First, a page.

In the heydey of second-wave feminism, young women began declaring that “the personal is political.” Understanding the gender-based problems in their personal lives, they felt, would allow them to better understand the changes that needed to be made politically when it came to women's rights.
But in recent years, it seems like the idea behind the phrase has gotten a little twisted around. Rather than encouraging individual exploration, it begs the question as to whether our personal decisions need to line up with our political beliefs. Does our sex life need to adhere to feminist doctrine? Do our exploits have to be approved by a panel of Gender Studies professors?
Such is the concern at the heart of a recent letter to Salon's advice columnist, Cary Tennis. In it, a young woman explains that while she's “a feminist,” she likes to be objectified in her sex life:
I'm a young, vibrant woman. A feminist, you could even say. I'm the first to speak out against a womanizer or misogynist….
When I'm having sex, all I want is to be objectified.
It doesn't make any sense. It isn't as if I want a man I'm sleeping with to think I'm nothing more than something for him to use, but I do want him to tell me that. It's puzzling because, like I said, I would classify myself as a feminist…
Why are my kinks so not in tune with the rest of my personality?
She signs her letter, “I Hate My Kinks.”
This writer certainly isn't the first to explore what happens when her sexual fantasies involve activities that strike her — or that she worries will strike others — as anti-feminist. Jessica Wakeman of The Frisky has written extensively about coming to grips with her spanking fetish. Writer Katie Roiphe recently explored the reasons behind women's rape fantasies in an article at Newsweek.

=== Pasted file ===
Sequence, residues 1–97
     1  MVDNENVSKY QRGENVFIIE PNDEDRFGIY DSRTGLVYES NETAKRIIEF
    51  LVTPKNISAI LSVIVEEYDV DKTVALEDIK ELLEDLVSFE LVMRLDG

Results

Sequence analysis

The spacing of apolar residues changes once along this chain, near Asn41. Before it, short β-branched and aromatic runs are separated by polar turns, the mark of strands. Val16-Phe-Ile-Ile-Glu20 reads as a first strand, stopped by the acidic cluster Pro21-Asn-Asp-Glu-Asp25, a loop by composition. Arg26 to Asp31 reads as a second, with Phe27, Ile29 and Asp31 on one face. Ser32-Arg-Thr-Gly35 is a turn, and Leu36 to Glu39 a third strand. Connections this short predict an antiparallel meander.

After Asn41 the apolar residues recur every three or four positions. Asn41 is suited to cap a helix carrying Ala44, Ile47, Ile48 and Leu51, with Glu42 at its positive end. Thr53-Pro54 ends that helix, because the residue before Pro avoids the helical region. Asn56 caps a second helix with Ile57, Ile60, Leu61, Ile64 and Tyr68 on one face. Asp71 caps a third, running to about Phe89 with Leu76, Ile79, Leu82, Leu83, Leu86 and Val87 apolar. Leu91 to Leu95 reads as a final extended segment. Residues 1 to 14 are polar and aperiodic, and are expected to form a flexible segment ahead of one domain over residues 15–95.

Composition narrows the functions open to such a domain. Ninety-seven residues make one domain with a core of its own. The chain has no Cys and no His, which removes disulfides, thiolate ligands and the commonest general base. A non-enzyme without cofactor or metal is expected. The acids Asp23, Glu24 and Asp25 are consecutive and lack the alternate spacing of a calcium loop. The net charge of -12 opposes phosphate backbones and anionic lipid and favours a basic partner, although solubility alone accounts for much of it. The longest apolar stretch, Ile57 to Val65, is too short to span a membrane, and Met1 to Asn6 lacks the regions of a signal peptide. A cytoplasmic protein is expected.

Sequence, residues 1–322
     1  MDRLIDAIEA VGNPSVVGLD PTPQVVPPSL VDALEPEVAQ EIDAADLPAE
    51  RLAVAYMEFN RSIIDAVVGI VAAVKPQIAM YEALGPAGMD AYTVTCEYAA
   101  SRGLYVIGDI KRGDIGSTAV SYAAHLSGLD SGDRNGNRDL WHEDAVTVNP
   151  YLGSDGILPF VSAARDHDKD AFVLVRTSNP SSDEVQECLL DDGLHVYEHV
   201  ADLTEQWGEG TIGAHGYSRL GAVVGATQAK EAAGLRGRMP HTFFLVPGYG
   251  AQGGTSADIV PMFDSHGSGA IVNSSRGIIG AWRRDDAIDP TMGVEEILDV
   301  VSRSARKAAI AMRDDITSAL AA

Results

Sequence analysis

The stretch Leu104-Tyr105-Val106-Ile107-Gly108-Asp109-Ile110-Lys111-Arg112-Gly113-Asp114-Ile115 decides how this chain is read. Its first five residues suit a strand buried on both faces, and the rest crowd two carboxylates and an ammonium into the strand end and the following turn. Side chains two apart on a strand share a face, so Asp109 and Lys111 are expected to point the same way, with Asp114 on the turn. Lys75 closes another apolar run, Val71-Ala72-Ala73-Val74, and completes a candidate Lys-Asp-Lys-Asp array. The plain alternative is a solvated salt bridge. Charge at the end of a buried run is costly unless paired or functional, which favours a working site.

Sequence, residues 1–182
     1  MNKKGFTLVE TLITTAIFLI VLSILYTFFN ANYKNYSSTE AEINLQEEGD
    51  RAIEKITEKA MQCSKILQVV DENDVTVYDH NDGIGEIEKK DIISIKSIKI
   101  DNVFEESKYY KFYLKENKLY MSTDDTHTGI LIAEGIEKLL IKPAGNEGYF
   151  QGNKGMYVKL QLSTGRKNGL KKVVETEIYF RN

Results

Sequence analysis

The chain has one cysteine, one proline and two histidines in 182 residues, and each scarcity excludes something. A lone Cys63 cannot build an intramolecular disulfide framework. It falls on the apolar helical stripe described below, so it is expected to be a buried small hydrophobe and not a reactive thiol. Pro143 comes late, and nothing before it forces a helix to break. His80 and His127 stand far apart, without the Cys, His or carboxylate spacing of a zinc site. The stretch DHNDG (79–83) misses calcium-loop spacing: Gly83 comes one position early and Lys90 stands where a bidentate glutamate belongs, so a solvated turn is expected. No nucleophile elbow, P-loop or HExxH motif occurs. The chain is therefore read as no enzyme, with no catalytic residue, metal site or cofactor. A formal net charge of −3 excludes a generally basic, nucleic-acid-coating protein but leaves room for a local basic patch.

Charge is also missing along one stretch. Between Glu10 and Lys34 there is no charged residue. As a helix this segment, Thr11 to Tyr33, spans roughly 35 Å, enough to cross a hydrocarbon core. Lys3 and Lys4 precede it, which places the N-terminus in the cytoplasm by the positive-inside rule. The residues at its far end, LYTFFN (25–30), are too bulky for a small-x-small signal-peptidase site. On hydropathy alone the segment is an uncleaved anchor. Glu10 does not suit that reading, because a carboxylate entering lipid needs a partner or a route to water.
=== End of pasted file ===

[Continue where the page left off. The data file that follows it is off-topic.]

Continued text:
What these pieces have in common, like IHMK's letter, are the authors' desire to reconcile their intellectual beliefs and their sexual preferences. Can one be a feminist and still fantasize about getting raped? Can one be empowered and still want to be dominated in the bedroom?
In a word, yes.
First of all, there's the issue of consent — in situations where it's mutually given, no one looking in from the outside should be concerned about the potential sexual politics involved.
Second, there's the unfortunate fact that our libidos don't always care about our politics. In fact, what turns us on might be the exact opposite of what we believe is right or moral if it were acted out in the real world. We might find a man spanking a woman in public abhorrent but discover that lo and behold, when the doors are closed and the lights are off, that's exactly what gets our juices flowing.
But more than all that, it's naive to think that anyone can live up to the highest iteration of political ideals, because ideals are just that; behaviors that would exist in a perfect world. However, we don't live in a perfect world; we live in a world where we embody contradictions and commit actions that we don't always understand and over which we don't always have control. Our sexual fantasies don't always make sense and don't always follow logic, let alone politics…and that's exactly what makes them so exciting.
So, IMHK and her ilk should worry less about being politically correct in the bedroom and more about understanding exactly what they want, why they want it and how to get it in a safe way. Because at the end of the day, the best way to be feminist within our sexuality is to know ourselves and not be afraid to go after our desires.